Advertisements of Java Bier.
Java Bier materials courtesy Ratih Swastyka and Beergembira.

Back in the Netherlands, the already-enormous Heineken’s Bierbrouwerij Maatschappij NV (“Heineken’s Beer Brewery Society”, the same Heineken company we know today) decided to focus on going international. New communication technologies and the end of prohibition in the United States made foreign opportunities more appealing than investing further in the already-competitive European market. Thus, in 1936, Heineken acquires a majority stake in the aforementioned Nederlandsch-Indische Bierbrouwerijen NV and renames it Heineken’s Nederlandsch-Indische Bierbrouweerijen Maatschappij NV (“Heineken’s Dutch-Indian Beer Breweries Society”).

It’s hard to know how this acquisition would have affected the taste or availability of Java Bier. Some sources say Heineken brought over “technical advisors” to improve the brewing process. Who knows. Turns out, it wouldn’t much matter – within a few years, World War II consumed the continent. By 1942, Allied forces ceded the Indonesian region to the Japanese, who occupied it until 1945. Following Japanese surrender, the Dutch tried to reassert their colonial rule and the Indonesian National Revolution began. Four years later, the Dutch yielded and Indonesia’s independence was internationally recognized.

During these war years, it appears that Heineken’s brewery was offline. I can only imagine that the grain, materials, and manpower it required were diverted elsewhere. Perhaps it was even retooled for rubber or oil production.

Following Indonesian independence, though, the brewery resumed operation. But Java Bier’s run was over: still operating under Heineken’s Dutch management, the brewery started making “Heineken Bier” instead. This beer was likely based on the same recipe used in other Heineken factories around the world. RIP Java Bier.

Ten years later, in 1957, a period known as Guided Democracy begins in Indonesia. Defined as “a threefold blend of nasionalisme (‘nationalism’), agama (‘religion’), and komunisme (‘communism’)”, this government structure “was intended to appease the three main factions in Indonesian politics — the army, Islamic groups, and the communists” (Wikipedia). Major industries and Dutch-controlled businesses were nationalized, including the Heineken brewery. For the next decade, the national government was brewmaster. Although it doesn’t appear to have immediately changed the recipe, it did change the name – “Heineken Bier” became “Bir Bintang”.

Bintang reached its final form ten years later. In 1967, Indonesia’s Guided Democracy ended and the brewery returned to Heineken ownership. But rather than resuming production of Heineken Bier, the Dutch owners stuck with Bintang. They updated the brand and recipe, releasing “Bintang Baru” (“New Bintang”). This new beer was essentially a toned-down Heineken, with a lower alcohol content and less hoppy flavor. From what I can tell, Bintang Baru was an immediate success and the the “Baru” moniker was quickly phased out. To this day, Heineken and Bintang’s shared history is easy to spot:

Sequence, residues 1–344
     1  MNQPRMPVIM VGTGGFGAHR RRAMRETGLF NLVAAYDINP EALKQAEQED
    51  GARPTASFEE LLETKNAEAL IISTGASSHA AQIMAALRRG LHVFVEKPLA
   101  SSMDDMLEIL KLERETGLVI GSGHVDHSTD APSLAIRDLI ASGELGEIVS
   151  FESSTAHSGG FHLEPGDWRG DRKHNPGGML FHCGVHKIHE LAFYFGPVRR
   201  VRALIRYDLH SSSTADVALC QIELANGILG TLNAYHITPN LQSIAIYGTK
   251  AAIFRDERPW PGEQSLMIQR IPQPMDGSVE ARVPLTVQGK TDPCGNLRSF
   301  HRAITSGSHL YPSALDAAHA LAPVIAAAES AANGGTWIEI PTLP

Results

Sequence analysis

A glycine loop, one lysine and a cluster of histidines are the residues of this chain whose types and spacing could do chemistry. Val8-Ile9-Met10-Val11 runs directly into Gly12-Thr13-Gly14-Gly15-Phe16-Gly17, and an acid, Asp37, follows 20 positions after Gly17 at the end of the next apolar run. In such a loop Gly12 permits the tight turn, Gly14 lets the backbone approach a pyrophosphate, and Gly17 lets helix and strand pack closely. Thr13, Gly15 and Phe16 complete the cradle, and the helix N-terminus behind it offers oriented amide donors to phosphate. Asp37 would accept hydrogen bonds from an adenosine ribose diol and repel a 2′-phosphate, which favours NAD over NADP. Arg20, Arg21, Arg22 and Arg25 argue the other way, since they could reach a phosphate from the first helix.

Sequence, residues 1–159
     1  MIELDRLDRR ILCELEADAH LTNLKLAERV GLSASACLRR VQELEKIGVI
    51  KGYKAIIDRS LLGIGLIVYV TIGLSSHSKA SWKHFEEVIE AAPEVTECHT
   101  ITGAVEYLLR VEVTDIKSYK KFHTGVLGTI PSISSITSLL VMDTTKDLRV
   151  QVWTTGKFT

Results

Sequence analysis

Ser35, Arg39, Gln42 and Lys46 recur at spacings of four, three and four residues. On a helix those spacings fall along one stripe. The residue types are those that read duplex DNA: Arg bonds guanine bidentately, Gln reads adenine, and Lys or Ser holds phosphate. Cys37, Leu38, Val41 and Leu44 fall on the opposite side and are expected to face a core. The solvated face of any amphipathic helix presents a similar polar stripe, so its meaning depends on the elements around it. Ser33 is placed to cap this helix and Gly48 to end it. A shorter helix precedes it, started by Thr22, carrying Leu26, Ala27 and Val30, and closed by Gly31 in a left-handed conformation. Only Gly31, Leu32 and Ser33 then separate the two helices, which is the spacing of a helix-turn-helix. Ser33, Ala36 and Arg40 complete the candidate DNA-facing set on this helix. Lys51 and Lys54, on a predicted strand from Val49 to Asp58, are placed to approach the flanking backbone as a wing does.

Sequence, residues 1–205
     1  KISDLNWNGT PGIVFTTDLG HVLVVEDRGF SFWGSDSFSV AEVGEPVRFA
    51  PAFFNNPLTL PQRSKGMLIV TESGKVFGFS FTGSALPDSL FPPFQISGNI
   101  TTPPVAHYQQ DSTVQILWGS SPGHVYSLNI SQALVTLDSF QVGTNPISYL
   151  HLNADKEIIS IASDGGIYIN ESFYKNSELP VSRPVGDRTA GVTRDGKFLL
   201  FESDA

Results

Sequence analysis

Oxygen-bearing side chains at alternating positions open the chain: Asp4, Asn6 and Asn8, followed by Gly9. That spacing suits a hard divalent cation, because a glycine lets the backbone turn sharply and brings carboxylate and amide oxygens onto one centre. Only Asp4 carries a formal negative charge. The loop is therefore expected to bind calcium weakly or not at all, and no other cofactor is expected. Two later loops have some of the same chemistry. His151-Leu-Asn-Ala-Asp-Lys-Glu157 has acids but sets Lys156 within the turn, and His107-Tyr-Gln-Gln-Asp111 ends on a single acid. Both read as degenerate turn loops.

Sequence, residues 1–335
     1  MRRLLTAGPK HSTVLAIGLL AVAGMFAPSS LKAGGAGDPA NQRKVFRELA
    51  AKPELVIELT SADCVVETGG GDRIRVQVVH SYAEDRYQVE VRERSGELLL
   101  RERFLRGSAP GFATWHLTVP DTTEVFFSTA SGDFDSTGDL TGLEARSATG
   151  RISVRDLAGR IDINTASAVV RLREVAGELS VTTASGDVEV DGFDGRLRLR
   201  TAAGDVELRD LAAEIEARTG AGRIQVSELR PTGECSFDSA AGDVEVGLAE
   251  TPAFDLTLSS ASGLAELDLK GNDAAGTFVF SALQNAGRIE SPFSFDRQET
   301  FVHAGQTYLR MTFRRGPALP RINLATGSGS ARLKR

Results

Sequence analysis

Pictures of Bintang and Heineken bottles.
I like to think of Bintang as Heineken’s easy-drinking younger cousin. Images from Ratebeer.

So there you have it – the “how we got to now” for Indonesia’s favorite beer. I did my best to learn from reputable sources, including some Indonesian blogs (using my nascent Indonesian reading skills and Google Translate). Thanks for reading!

Why call it “Polyfecta”?

Once I decided to share my writing, I had to figure out where to put it. Here are some of the options I considered:

  • Facebook. Although Facebook has a large built-in audience, I don’t really use it. Also, there aren’t a lot of options for customizing the look and feel of your posts (e.g. changing the font or adding colors/logos). As someone who gets particular about the formatting and presentation of things, it didn’t feel right to me.
  • Medium. Lots of talented folks put their work on Medium. I’ve even written there myself and enjoyed the process. But like Facebook, Medium doesn’t let you control the aesthetics of your work – no custom fonts or layouts allowed. Also, Medium itself is a “startup” that doesn’t have a stable business model. If I want my writing to be accessible in 10 or 20 years, do I trust Medium to still be alive and functional? I’m not so sure.
  • I’ve owned that domain for a while. For me, there was something a little too self-centered/narcissistic about making everyone see my name plastered on their screens. Hosting it myself, though, would allow me to customize the design as much as I wanted.
  • Some other site. I had noticed many other people using pseudonyms when writing online (e.g Rands, leancrew, Daring Fireball, etc) and I liked that these names tended to have amusing backstories. I’d long used chazeah as my internet handle, but it’s tough to pronounce and I didn’t own But this felt like the right path: choosing a name and hosting the blog myself. I just had to find the right name.

So how does one go about choosing a name? It’s hard. Engineers famously hate naming things and I happen to know most PMs do too ?.

At first, I looked to my current adventure for inspiration, coming up with things like “Notes from a small island” (whole-heartedly copying Bill Bryson’s hilarious novel) or the simpler “Island notes”. I envisioned a palm tree logo and soothing shades of green. But I soon realized I’d like to continue writing on this yet-to-be-named blog long after I left Bali, so coupling the two didn’t make sense.

I started looking for inspiration in everything I read. Cool-sounding names were put through Namecheap and Namechk to see if they were already in use, and most were. The internet is a big place, it turns out.

Soon, though, inspiration struck. Recently, you see, I’d been learning a lot about nutrition and metabolism, and encountering lots of terms with numeric prefixes, e.g.

  • monounsaturated fats (found in olive oil, avocados, and nuts)
  • disaccharides (like sucrose, which is glucose and fructose bound together)
  • triglycerides (the main component of body fat)
  • polyphenols (everyone’s favorite new micronutrient)